KTMB drops Komuter student concessions, comes under immediate fire

KTMB has announced that it is now charging young passengers the same fare as adults, effectively removing the discounted prices for all school and college students. ― File pic
KTMB has announced that it is now charging young passengers the same fare as adults, effectively removing the discounted prices for all school and college students. ― File pic

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KUALA LUMPUR, Dec 9 — Keretapi Tanah Melayu Berhad (KTMB) came in for added criticism today after it removed fare concessions for children aged seven and above on its Komuter service, even as it is still fending off attacks over this month’s price increase.

The rail operator announced today that it was now charging young passengers the same fare as adults, effectively removing the discounted prices for all school and college students.

“Ticket prices for children aged seven and above will be charged the adult ticket fare,” the firm said in a tweet today.

Previously, children in school uniforms as well as college and university students with the correct identification qualified for concessions that allowed them to purchase tickets that were nearly half the published rates.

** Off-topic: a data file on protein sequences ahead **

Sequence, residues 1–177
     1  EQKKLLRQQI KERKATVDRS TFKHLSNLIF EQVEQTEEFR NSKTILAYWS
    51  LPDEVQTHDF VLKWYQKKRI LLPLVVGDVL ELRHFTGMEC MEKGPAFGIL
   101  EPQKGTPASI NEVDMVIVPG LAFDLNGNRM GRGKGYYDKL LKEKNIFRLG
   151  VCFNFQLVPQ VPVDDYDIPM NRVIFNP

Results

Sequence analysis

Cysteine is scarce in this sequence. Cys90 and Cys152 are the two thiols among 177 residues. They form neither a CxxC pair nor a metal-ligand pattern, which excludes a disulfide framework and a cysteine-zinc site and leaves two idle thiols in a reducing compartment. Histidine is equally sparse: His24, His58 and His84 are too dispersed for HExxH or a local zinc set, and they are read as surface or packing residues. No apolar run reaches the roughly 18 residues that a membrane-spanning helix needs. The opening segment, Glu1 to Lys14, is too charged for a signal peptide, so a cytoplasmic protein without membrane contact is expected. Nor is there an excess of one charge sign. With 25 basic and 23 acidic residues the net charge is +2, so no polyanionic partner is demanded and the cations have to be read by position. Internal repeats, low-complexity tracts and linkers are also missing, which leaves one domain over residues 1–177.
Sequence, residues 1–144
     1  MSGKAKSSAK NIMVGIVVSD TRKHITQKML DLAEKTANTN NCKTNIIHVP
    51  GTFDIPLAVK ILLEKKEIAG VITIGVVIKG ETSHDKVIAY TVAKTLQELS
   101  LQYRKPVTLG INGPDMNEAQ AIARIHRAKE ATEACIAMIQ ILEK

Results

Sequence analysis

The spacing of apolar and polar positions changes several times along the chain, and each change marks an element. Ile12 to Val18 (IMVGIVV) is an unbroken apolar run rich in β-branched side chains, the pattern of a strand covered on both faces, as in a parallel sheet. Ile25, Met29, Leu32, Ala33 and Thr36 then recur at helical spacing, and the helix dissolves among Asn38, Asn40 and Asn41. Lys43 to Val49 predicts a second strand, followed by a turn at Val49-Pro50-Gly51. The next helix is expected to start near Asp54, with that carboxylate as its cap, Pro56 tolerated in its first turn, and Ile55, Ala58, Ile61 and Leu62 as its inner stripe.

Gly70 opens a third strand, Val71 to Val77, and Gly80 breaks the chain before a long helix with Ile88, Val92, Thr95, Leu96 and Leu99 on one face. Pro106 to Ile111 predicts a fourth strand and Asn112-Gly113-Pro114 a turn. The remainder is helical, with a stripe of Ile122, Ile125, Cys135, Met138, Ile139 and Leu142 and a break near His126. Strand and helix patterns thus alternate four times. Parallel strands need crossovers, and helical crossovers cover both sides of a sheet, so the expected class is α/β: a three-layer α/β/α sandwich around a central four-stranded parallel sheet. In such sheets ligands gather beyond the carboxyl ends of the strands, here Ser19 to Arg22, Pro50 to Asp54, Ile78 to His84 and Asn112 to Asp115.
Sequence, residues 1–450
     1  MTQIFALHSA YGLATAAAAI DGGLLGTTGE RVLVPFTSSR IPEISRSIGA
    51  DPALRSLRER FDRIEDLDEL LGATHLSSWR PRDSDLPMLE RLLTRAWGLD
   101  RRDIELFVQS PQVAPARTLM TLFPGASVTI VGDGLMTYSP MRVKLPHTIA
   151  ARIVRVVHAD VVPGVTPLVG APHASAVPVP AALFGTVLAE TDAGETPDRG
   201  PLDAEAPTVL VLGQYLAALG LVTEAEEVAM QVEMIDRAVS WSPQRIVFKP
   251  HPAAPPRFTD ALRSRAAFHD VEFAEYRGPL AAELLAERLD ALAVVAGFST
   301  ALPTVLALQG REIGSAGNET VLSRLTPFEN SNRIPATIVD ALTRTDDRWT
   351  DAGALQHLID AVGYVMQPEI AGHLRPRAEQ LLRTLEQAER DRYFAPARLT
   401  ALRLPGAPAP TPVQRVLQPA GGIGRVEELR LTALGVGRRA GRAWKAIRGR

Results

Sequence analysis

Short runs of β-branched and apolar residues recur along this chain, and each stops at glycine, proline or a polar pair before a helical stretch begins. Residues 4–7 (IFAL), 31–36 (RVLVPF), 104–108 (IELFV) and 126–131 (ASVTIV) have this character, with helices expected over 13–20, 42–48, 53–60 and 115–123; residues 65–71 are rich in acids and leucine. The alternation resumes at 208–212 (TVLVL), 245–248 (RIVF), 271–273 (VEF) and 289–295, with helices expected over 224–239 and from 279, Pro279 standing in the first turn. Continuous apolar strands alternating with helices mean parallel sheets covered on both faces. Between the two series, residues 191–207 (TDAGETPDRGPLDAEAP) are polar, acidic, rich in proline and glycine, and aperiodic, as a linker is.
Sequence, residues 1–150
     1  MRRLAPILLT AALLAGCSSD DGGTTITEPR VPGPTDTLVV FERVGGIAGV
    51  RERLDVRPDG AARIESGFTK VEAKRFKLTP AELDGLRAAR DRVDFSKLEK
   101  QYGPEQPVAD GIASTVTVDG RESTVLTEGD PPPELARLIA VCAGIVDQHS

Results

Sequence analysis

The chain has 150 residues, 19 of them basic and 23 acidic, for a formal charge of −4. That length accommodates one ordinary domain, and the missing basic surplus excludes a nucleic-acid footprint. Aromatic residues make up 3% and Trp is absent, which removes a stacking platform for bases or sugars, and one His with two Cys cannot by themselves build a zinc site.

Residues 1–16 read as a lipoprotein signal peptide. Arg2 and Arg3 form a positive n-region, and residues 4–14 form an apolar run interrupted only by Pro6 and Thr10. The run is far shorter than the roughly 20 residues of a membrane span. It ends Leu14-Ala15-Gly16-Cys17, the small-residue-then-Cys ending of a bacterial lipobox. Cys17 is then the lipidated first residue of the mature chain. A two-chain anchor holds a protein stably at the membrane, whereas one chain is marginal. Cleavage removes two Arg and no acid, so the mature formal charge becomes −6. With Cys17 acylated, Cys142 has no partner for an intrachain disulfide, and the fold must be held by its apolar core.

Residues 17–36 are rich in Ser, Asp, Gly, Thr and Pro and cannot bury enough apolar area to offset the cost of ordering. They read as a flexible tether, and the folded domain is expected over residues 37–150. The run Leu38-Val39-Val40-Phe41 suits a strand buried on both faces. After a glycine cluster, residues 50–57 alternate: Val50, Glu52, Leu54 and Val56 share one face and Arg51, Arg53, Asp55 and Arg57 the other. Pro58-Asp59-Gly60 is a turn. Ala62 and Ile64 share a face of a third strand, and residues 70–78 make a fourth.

The announcement also comes after the firm raised fares from 11 sen to 15 sen per kilometre on December 2, with commuters expected to fork out up to RM7.10 more for tickets depending on the station stops.

Users on Twitter immediately descended on the firm, pointing out that the law defines those under 18 years old as children.

Some said the firm may as well remove the child concession entirely as the move essentially meant the bulk of those likely to use the train service — students — would no longer enjoy the discounts.

Others accused the firm of profiteering and being insensitive towards the public.

KTMB yesterday sought to defend the fare increase by saying that its service was on time for 97 per cent of the time and safer than riding motorcycles.

The firm added that it will still be running at a loss despite the increase.

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